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What are leading cities doing in response to the climate and biodiversity crises that we face?

18 June 2024

What are the best cities in the world doing in response to the multiple challenges of the climate, biodiversity, and housing crises that we face?

Noting that Perth is struggling to adequately respond to any of these challenges with our greenhouse gas emissions growing, our biodiversity declining, and housing harder to find and more expensive than ever, I headed to Europe on a study tour to find out.

A couple of key themes emerged as I met with experts and rode and walked the streets of Copenhagen, Malmo, Utrecht, and Paris.

First buildings were seen as part of the solution, with old buildings being adaptively reused rather than being knocked down and new buildings increasingly being built out of sustainable materials like wood and even hemp and being net producers rather than net consumers of energy.

Second, the streets of each of these cities were largely seen as places for people first and cars second. All of these cities had embraced streets that were low speed. In Utrecht, for example, every street, with the exception of highways, was 30 km an hour. This meant that every street could be a safe cycling and walking street. In fact, in Utrecht has radically flipped the idea of a street in which all streets are now bike and walking streets – streets in which cars are but a guest. As a result, over 50% of people go to work or school on a bike each day and less than 30% by car.  This meant it was the quietest city I have ever been in. We stayed a few hundred meters from the center and could only hear birds and bike bells.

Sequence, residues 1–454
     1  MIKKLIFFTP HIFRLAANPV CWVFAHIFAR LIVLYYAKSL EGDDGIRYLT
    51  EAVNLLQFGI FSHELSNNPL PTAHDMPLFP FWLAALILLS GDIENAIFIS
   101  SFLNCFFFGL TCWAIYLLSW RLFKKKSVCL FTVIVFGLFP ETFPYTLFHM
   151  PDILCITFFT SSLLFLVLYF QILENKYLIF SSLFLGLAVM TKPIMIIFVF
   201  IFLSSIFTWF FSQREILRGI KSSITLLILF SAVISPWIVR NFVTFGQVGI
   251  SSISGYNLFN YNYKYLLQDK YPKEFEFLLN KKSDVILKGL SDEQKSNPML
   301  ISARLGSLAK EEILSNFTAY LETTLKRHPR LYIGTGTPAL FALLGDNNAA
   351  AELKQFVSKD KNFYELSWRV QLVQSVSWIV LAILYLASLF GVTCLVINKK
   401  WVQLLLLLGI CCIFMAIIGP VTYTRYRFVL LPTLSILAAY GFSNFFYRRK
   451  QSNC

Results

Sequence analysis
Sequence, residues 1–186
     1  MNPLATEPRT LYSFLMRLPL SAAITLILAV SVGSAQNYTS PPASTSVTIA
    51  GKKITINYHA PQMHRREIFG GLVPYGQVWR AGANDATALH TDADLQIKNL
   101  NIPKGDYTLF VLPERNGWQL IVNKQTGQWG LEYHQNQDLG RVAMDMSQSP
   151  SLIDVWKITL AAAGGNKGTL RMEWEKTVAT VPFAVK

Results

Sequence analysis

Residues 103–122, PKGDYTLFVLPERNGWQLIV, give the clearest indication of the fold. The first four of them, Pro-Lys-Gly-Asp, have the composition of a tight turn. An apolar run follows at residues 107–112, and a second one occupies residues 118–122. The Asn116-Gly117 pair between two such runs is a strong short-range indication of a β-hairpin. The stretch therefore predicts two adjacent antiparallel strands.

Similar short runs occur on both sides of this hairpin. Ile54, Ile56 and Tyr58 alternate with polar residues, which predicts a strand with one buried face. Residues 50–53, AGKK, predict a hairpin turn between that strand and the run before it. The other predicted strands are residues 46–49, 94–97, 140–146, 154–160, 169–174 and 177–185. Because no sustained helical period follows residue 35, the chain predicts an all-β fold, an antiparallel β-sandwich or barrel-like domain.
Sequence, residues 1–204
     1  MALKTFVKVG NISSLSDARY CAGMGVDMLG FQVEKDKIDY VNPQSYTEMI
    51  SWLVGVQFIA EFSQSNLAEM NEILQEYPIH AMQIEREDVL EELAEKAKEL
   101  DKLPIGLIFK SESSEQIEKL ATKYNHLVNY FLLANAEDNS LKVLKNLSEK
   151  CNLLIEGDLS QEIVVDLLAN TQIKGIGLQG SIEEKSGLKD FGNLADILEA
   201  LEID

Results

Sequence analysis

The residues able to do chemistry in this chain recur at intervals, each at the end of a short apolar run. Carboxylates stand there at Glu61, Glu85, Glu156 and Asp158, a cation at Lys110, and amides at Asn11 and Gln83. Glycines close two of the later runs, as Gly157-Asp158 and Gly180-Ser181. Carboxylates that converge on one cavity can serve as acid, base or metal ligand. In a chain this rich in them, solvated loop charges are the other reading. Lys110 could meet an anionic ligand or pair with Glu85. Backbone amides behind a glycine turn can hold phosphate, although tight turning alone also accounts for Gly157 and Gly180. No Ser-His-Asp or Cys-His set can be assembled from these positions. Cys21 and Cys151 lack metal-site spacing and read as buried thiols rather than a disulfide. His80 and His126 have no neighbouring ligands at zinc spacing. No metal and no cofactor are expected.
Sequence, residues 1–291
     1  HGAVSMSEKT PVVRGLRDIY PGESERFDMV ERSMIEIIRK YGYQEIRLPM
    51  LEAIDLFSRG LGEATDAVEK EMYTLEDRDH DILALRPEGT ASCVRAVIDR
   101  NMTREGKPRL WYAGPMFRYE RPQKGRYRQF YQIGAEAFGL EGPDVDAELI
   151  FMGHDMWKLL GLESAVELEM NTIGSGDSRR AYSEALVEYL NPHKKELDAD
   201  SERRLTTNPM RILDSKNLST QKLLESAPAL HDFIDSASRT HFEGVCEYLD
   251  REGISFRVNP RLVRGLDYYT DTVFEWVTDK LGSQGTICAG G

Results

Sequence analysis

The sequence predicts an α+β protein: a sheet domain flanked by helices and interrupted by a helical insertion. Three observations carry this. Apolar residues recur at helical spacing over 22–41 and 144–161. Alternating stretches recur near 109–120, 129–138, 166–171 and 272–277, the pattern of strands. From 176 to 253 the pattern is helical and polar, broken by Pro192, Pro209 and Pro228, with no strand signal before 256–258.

The third key element I saw was ambitious plans in each of the cities to green them up. Impressively, this was not just planting new street trees (although that was part of it too) but also included getting biodiversity back into each city. Unmown native grasses and groundcovers, lizard and insect hotels, and cities competing with each other as who could most quickly “de-pave”. It was inspiring and beautiful to see.

Arriving back home it was so great to see the community driving similar actions in Fremantle. Seeing how White Gum Valley Verges have transformed the corner of Minilya Ave and Stevens Street is inspiring.

I hope we can see WA begin to take up many of these things. Slowing our streets, making bike riding safe for all ages, and ensuring we continue to lead the way in sustainable developments.

Iti s time for greater Perth to make many of the changes that we are seeing in the world’s best and most sustainable cities.

I now hope to use many of these examples to drive much-needed change in the rest of Perth too. As one of the longest and most unsustainable cities on the planet, a change in direction in greater Perth is desperately needed. It can be done as these wonderful cities show.


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